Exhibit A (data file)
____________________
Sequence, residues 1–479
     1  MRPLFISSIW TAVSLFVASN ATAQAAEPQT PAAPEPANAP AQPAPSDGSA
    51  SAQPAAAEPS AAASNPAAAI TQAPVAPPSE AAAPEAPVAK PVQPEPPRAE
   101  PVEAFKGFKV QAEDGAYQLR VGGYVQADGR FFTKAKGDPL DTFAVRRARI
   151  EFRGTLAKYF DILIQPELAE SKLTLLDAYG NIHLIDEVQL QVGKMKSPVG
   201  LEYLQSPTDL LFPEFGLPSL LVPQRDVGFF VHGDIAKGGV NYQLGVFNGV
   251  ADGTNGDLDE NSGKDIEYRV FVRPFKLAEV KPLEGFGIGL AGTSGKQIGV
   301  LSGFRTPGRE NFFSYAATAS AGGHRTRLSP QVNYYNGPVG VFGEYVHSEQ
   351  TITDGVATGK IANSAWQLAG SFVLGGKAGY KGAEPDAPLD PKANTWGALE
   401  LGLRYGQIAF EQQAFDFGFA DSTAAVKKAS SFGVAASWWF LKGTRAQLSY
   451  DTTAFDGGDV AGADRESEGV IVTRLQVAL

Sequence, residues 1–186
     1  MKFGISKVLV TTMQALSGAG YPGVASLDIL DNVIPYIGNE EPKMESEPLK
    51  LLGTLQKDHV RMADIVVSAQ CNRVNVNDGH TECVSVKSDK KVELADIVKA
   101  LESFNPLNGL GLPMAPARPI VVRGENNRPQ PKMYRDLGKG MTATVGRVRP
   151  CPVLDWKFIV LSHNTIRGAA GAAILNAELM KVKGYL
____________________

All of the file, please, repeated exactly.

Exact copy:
Sequence, residues 1–479
     1  MRPLFISSIW TAVSLFVASN ATAQAAEPQT PAAPEPANAP AQPAPSDGSA
    51  SAQPAAAEPS AAASNPAAAI TQAPVAPPSE AAAPEAPVAK PVQPEPPRAE
   101  PVEAFKGFKV QAEDGAYQLR VGGYVQADGR FFTKAKGDPL DTFAVRRARI
   151  EFRGTLAKYF DILIQPELAE SKLTLLDAYG NIHLIDEVQL QVGKMKSPVG
   201  LEYLQSPTDL LFPEFGLPSL LVPQRDVGFF VHGDIAKGGV NYQLGVFNGV
   251  ADGTNGDLDE NSGKDIEYRV FVRPFKLAEV KPLEGFGIGL AGTSGKQIGV
   301  LSGFRTPGRE NFFSYAATAS AGGHRTRLSP QVNYYNGPVG VFGEYVHSEQ
   351  TITDGVATGK IANSAWQLAG SFVLGGKAGY KGAEPDAPLD PKANTWGALE
   401  LGLRYGQIAF EQQAFDFGFA DSTAAVKKAS SFGVAASWWF LKGTRAQLSY
   451  DTTAFDGGDV AGADRESEGV IVTRLQVAL

Sequence, residues 1–186
     1  MKFGISKVLV TTMQALSGAG YPGVASLDIL DNVIPYIGNE EPKMESEPLK
    51  LLGTLQKDHV RMADIVVSAQ CNRVNVNDGH TECVSVKSDK KVELADIVKA
   101  LESFNPLNGL GLPMAPARPI VVRGENNRPQ PKMYRDLGKG MTATVGRVRP
   151  CPVLDWKFIV LSHNTIRGAA GAAILNAELM KVKGYL